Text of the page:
PARK CITY, Utah - For the first time, the Sundance Film Festival could do a boy-girl, boy-girl seating arrangement of directors in its U.S. dramatic competition - and not run out of girls.

The festival has 50-50 parity - eight women, eight men - among the 16 films in the competition, a record that female filmmakers consider to be a hopeful sign they are making progress toward equal time with males.

"It just feels like justice. Like, OK, this is the way it's supposed to be. This reflects the population of the Earth. There's no reason why there shouldn't be as many women making movies as men," said Lynn Shelton, a Sundance regular whose film "Touchy Feely," starring Rosemarie DeWitt as a massage therapist suddenly averse to touching people, is playing in the dramatic competition. "But I'm also waiting for the day when I'm not treated as an oddity as a woman. I'm just treated as another filmmaker."

Other dramatic entries directed by women include Liz W. Garcia's "The Lifeguard," starring Kristen Bell as a lifeguard who enters a risky relationship with a teen; Stacie Passon's "Concussion," a midlife-crisis tale starring Robin Weigert; Francesca Gregorini's "E-manuel and the Truth About Fishes," with Jessica Biel and Kaya Scodelario in the story of a troubled teen; and Jerusha Hess' "Austenland," featuring Keri Russell as a woman searching for her own Jane Austen-style perfect man.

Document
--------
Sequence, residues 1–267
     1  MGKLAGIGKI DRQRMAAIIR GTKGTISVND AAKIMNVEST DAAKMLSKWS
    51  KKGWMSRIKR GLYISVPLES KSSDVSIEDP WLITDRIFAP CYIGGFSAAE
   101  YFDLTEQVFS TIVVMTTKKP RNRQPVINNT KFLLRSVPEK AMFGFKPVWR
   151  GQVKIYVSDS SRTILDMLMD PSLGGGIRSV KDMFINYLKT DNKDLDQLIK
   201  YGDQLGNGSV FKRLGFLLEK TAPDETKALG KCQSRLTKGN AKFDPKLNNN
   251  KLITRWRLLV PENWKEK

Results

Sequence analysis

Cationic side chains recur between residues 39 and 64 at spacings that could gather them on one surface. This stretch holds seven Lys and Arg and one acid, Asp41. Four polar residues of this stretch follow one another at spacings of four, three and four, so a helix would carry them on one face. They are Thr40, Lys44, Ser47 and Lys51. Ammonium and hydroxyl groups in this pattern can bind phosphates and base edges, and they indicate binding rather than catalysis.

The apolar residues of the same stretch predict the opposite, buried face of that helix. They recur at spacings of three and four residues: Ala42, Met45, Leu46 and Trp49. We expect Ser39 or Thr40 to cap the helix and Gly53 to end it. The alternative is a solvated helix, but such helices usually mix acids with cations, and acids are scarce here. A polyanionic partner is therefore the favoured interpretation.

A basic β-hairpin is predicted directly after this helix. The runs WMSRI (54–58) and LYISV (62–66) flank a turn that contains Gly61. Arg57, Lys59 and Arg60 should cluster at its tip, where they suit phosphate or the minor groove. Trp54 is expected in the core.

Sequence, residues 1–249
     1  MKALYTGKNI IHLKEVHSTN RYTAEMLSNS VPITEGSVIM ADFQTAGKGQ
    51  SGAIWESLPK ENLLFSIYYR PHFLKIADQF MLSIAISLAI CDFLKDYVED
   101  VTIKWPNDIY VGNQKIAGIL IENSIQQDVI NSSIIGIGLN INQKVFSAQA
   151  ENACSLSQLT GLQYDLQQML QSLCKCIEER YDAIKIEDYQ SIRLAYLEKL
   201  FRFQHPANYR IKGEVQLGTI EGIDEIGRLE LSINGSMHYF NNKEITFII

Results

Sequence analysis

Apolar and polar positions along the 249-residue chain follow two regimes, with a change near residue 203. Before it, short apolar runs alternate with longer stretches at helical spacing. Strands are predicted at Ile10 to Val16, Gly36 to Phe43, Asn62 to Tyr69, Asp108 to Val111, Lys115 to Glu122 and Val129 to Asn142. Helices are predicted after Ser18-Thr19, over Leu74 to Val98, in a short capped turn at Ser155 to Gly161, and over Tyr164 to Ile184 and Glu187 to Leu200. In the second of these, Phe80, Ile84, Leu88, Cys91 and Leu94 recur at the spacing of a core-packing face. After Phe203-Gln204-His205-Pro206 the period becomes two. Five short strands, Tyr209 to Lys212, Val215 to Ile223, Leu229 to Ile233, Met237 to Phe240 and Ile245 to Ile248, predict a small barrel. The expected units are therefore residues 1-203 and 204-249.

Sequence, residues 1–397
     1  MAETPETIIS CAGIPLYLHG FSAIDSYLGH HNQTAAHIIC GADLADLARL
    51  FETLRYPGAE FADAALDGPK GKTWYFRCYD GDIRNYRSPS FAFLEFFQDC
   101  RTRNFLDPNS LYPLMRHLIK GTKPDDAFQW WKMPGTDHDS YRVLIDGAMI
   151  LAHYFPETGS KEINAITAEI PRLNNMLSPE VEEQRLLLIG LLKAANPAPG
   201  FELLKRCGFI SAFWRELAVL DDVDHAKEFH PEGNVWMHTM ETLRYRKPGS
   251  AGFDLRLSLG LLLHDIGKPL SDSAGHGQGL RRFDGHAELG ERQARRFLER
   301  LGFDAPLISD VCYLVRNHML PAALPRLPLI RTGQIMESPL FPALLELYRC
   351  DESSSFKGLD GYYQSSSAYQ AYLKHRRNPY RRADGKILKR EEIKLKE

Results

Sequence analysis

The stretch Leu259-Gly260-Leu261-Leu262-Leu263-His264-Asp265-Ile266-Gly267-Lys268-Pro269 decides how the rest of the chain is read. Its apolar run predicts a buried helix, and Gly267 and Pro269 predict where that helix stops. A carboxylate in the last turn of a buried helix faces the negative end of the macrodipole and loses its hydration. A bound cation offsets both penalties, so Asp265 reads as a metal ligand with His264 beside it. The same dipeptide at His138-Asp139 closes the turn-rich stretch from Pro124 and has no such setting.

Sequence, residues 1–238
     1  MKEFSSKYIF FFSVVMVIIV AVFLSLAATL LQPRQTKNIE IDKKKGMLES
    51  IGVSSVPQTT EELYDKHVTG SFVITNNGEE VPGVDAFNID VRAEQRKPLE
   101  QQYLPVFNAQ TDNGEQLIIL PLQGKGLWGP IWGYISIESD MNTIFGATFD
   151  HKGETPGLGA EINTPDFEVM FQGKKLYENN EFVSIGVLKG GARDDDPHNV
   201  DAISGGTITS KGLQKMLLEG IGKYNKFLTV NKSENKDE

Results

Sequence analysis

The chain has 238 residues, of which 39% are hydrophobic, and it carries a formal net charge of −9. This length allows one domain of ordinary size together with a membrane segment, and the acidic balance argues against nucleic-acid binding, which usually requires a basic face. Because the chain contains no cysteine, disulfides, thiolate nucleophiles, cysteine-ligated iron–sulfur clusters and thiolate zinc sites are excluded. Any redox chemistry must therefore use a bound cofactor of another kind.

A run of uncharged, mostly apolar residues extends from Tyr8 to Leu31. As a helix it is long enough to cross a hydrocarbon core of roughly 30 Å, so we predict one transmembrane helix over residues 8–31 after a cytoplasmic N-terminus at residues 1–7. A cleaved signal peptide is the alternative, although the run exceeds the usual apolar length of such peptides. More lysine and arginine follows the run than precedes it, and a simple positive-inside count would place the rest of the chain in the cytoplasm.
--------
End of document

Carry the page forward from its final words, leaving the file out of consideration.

Women have been doing well for years in Sundance's short-film programs and documentary lineups.

Yet the premiere section is a sign that women still are a long way from equal opportunity in higher-end independent filmmaking. And when it comes to studio films, only a handful of women have made steady inroads as directors.

Women have made promising directing debuts at past festivals only to drop out of sight, unable to get a second project off the ground.